“You cheated me! I had a destiny. I was supposed to die in the field—with honor! That was my destiny, and you cheated me out of it! You understand what I’m saying, Gump? This wasn’t supposed to happen. Not to me. I had a destiny. I was Lieutenant Dan Taylor.”


These iconic lines said by Lt. Dan Taylor, played by Gary Sinise, when he was berating Forrest Gump for saving his life in the Vietnam War. To me, this was the most powerful scene in the entire movie, where a soldier in love with the idea of a glorious death in battle was cheated of his chance at immortality in a family tradition of dying in battle.  It also highlights the trauma and frustration some army veterans took home after a tour of duty as Lt. Dan losses both of his legs during the ambush scene in the 1994 film “Forrest Gump,” and try to figure out how to restore some meaning to their lives.

After the movie was filmed, Gary Sinise was heavily moved by his preparation for the film. He read the book “Fortunate Son” by Lewis Puller Jr, a Pulitzer Prize-winning autobiography based Puller’s experiences in Vietnam where he lost both of his legs and his left hand. His father, war hero Chesty Puller, is the most decorated Marine in history.

The book and the film changed Gary’s life as he dedicated the majority of his time as a humanitarian, volunteering for U.S military veterans all around the world.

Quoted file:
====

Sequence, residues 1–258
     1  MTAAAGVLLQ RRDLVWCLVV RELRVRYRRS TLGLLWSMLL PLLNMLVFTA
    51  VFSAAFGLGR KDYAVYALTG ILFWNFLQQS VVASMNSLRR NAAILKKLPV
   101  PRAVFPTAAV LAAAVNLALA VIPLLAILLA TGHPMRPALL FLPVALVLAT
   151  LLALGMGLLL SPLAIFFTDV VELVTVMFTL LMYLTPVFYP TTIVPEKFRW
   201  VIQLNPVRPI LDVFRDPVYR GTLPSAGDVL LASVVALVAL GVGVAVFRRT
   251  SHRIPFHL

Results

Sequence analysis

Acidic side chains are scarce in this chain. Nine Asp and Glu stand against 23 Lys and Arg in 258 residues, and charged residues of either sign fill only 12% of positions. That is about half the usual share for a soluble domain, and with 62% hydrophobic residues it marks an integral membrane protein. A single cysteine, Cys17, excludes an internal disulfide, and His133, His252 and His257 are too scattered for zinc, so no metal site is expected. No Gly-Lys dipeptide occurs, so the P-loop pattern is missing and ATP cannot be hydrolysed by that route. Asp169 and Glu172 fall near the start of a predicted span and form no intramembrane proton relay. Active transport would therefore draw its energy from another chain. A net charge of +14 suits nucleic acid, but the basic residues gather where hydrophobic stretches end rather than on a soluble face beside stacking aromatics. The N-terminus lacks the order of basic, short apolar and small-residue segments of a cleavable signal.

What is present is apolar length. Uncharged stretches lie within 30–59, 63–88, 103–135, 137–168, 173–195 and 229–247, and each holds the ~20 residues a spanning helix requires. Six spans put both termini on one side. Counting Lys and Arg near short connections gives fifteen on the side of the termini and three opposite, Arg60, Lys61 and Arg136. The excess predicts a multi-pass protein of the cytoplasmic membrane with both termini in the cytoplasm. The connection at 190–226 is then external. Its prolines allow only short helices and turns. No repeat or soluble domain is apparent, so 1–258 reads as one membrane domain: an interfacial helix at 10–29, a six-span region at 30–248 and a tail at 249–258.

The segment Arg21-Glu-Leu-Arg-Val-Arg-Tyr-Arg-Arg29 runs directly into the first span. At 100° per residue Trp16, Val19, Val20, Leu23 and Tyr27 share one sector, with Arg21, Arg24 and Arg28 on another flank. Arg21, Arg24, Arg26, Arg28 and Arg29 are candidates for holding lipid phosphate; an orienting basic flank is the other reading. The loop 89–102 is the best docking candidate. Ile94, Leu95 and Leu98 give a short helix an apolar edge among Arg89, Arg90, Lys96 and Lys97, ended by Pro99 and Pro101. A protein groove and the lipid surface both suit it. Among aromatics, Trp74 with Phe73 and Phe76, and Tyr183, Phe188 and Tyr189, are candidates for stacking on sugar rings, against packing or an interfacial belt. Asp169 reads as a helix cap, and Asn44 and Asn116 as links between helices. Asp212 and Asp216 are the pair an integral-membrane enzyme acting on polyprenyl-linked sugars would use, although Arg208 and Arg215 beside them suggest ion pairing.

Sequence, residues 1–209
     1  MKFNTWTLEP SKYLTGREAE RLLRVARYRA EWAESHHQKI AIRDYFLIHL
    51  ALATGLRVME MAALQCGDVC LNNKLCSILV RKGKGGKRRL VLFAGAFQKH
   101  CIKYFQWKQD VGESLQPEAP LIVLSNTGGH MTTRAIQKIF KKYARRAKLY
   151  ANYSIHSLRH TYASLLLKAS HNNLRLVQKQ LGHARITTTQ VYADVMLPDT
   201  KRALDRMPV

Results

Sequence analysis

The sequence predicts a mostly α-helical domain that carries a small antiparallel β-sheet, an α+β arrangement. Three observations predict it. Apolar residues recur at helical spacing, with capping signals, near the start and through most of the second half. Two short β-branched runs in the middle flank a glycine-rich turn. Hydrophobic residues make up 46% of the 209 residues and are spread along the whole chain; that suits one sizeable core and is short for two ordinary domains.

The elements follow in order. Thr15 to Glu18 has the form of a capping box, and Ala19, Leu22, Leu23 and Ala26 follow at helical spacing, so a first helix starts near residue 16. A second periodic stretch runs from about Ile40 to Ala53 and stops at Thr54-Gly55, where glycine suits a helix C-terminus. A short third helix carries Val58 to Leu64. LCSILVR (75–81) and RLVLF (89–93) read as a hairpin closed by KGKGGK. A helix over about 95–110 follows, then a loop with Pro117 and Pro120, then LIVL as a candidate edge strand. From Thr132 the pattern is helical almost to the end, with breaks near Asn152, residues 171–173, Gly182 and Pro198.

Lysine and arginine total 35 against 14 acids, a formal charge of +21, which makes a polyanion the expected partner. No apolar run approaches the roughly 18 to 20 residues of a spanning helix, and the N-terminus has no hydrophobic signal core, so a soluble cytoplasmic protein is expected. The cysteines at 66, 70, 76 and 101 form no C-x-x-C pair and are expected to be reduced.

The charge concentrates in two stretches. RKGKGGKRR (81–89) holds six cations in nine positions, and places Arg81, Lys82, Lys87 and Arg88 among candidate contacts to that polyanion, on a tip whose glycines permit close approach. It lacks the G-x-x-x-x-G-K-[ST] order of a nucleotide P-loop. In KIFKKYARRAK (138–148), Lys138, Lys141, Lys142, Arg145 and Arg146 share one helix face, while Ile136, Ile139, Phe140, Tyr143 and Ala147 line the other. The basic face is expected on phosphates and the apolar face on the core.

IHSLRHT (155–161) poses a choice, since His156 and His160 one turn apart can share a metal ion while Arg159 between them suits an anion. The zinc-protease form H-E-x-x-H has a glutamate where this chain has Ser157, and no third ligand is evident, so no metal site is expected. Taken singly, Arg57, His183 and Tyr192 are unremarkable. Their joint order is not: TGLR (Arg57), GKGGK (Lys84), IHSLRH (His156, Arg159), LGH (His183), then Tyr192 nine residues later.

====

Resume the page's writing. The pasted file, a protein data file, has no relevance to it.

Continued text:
Lt. Dan Outside The Limelight

According to Sinise’s biography, he had started personally advocating for local Vietnam veterans in Chicago during the 80s as he grew up in Illinois. Meeting his wife Moira Harris during his time with the Steppenwolf Theatre Company, Harris educated Sinise about the World War and the life of army veterans through his brother-in-law, US Army Captain Boyd Harris.

Inspired by Harris’ stories, he adapted a play about the Vietnam War and showed it to all military veterans for free!

He worked for the Disabled Americans Veterans organization after his film work in the legendary 1994 movie, Forrest Gump, being inspired by the film. Today he is still working with the DAV through collaborations and joint projects.